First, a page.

Adventure Fiction and Real-life Gun Battles: A Writer’s Perspective

Writing and consuming adventure fiction is a form of wish fulfillment. We watch cop shows, because we imagine ourselves to be an heroic police officer solving crimes and protecting the public. We go to James Bond movies, because we fantaszie about being a super-suave secret agent, who can outwit the bad guys and get the girl. We read comic books, because we would like to fly or swing from a web-line high overhead, drawing the adulation of millions while saving the world from the nefarious plots of cosutmed madmen.

It’s fun. Through these men and women we finally take our revenge on the school bully or the arrogant co-worker, who always get the promotion.

Lately, though, there’s been this notion that the principles of the action-adventure story could work in real life. Following the tragic shooting at the premiere of The Dark Knight Rises in Aurora CO, the sentiment ran from some that, if someone in the crowd had just been armed, he or she could have shot the perpetrator before more people had to die. A similar point of view was expressed after the shooting at the Family Research Council in Washington DC.

The idea is a simple one: if we allowed regular citizens to arm themselves, they, like an action-adventure hero, could take down these crazies before the police arrive and before more people could be harmed.

But then there was a gun battle between police and another shooter on Friday in front of the Empire State Building in New York. Police officers fired 16 rounds and eventually killed the suspect. But, in their attempts to get the bad guy, they also shot nine innocent bystanders.

These are the police we’re talking about. Trained marksmen. Guys who practice regularly with their guns and are generaly pretty good at hitting what they’re aiming at. People who are trained to handle the high-stress, low-margin-for-error environment of a criminal with a loaded weapon in a crowd of people.

If those guys can accidentally hurt nine people in addition to the perp, doesn’t that give the lie to the concept of an heroic citizen with a .357 in his waistband?

I am not a gun-control proponent. My political views are pretty liberal, and I’m not really sure why private citizens have need for assault rifles, but I am generally pro-2nd Amendment. I don’t object to people owning guns. I don’t object to people enjoying shooting them in proper environments. And I certainly don’t object to people shooting a criminal in self-defense.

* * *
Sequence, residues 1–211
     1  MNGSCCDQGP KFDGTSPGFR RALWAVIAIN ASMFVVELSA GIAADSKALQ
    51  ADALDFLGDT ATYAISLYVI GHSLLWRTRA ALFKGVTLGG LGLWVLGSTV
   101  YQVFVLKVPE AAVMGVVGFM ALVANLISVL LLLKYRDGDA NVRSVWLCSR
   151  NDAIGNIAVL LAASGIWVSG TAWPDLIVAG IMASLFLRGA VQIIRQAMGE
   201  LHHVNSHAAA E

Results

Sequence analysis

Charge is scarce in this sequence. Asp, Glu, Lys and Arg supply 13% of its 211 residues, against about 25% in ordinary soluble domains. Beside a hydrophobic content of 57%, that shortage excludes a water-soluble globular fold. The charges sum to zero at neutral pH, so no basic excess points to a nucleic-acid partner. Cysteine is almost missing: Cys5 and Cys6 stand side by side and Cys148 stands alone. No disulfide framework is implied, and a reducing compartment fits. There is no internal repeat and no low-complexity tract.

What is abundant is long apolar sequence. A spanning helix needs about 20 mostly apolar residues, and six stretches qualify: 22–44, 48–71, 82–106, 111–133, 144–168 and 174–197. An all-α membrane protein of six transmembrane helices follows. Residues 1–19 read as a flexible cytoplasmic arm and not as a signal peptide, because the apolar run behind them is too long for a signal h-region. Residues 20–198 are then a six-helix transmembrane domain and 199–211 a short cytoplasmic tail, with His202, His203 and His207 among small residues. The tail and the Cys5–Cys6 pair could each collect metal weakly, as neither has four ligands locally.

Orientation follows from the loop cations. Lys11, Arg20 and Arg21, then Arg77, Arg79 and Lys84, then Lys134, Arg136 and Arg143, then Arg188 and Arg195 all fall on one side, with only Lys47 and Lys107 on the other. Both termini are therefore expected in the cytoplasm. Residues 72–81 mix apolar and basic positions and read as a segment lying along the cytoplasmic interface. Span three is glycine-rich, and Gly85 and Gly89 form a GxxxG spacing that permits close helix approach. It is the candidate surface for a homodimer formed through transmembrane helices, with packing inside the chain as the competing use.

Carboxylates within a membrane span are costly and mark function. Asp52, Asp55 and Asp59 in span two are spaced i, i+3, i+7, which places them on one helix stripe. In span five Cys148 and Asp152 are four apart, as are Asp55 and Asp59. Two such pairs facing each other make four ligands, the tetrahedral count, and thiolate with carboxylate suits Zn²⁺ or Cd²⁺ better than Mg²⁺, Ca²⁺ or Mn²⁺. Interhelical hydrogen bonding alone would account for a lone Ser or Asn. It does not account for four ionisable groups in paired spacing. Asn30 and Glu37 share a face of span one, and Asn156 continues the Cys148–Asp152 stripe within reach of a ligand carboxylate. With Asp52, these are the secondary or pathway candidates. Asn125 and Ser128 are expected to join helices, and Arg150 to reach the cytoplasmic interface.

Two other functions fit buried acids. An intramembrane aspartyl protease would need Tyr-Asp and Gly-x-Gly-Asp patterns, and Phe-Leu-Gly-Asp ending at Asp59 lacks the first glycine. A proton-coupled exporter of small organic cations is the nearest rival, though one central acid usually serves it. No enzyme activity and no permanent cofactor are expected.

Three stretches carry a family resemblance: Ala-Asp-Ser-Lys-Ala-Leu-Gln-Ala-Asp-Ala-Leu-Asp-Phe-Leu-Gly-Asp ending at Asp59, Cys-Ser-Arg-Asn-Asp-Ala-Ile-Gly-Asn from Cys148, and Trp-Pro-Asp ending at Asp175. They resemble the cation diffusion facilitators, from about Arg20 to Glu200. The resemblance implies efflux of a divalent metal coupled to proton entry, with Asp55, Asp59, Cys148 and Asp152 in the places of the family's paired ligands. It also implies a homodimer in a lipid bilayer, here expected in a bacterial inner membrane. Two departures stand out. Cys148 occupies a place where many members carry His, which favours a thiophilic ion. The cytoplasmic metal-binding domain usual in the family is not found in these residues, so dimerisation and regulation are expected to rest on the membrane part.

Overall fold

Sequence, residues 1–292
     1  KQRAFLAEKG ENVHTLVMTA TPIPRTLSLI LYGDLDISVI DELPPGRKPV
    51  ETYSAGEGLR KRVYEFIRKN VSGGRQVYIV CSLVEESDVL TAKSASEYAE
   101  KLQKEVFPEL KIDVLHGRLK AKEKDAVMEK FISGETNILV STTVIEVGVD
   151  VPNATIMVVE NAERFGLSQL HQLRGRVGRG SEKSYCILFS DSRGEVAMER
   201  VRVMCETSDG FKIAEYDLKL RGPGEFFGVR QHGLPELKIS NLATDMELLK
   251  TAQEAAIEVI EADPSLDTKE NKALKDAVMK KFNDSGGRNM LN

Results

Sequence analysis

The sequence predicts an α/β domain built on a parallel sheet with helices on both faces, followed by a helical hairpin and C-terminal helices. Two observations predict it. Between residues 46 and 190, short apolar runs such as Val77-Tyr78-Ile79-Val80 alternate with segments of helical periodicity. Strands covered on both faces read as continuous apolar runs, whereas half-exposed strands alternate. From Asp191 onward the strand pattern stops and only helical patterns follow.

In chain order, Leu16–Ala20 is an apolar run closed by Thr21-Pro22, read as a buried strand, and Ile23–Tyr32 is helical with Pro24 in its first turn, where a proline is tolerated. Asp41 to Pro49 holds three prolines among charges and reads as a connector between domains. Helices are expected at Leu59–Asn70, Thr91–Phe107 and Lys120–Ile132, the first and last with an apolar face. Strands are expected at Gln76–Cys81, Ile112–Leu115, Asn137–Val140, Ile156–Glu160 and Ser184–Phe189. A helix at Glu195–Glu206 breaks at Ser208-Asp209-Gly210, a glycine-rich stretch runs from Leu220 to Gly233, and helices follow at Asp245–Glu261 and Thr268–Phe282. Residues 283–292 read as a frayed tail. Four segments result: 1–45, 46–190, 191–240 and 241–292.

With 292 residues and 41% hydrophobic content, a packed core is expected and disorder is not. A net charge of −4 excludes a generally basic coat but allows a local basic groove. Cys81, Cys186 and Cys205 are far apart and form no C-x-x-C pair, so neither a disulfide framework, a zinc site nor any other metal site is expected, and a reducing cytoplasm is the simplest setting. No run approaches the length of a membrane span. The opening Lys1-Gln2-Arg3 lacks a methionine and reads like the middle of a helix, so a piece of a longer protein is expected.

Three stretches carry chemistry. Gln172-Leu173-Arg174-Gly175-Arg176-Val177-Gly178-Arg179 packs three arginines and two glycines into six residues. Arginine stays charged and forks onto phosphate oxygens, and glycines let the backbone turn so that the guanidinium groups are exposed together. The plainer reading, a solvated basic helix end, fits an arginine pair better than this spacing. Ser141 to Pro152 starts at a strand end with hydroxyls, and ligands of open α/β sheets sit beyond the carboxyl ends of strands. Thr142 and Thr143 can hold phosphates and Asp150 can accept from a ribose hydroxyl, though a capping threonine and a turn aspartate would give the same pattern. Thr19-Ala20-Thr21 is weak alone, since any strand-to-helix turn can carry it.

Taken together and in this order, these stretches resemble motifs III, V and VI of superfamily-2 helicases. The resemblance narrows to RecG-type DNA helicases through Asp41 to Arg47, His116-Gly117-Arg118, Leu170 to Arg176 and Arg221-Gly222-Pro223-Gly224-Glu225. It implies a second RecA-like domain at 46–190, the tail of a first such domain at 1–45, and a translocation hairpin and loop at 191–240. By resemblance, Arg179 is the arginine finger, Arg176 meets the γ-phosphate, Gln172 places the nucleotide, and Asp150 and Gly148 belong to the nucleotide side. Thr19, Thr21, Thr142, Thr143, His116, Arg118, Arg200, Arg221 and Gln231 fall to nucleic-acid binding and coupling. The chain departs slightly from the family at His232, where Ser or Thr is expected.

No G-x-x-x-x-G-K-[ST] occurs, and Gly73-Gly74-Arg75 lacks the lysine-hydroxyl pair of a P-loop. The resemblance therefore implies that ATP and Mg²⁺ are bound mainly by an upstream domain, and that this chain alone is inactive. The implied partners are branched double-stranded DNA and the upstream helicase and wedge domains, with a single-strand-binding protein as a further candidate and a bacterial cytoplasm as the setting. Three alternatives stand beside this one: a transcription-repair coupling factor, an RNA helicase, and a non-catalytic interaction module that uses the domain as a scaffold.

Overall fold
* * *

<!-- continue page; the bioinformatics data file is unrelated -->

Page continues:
As a guy who writes adventure fiction, though, I worry about crossing the line between wish fulfillment and cold reality. I am a black belt. I have often thought I could take down a terrorist on a plane should the need arise.

But could I? Should I?

I don’t know the answer to either of those questions. As my bio states, I’ve long wished to be a superhero. I want to save the world. I want to be the person everyone calls hero and looks up to. I write stories to fulfill those desires and to entertain people just like me, who want the same things.

But we need to be careful about crossing the line from fiction to real life. Because there are innocent people involved. A gun battle at the theater in Aurora might have ended the incident with less loss of life. Or it might have made things a whole lot worse.

When anyone engages an armed criminal in a crowd of people, he or she is gambling with the lives of everyone there. Unlike a fiction writer, that person can’t control the exact outcome of the encounter. The NYPD officers certainly did the right thing, but, even with their training, there were still unfortunate results.

My perspective as an adventure-fiction author is this: there are no simple solutions to the problem of disturbed individuals expressing their outrage and their insanity through violence on the innocent. Suggesting that someone should have been armed and done battle with the perpetrator is both naive and disrespectful to the victims.

Friday, real life and action-adventure fiction converged in front of the Empire State Building. In the end, the good guys won. But neither the story nor its resolution was perfect.

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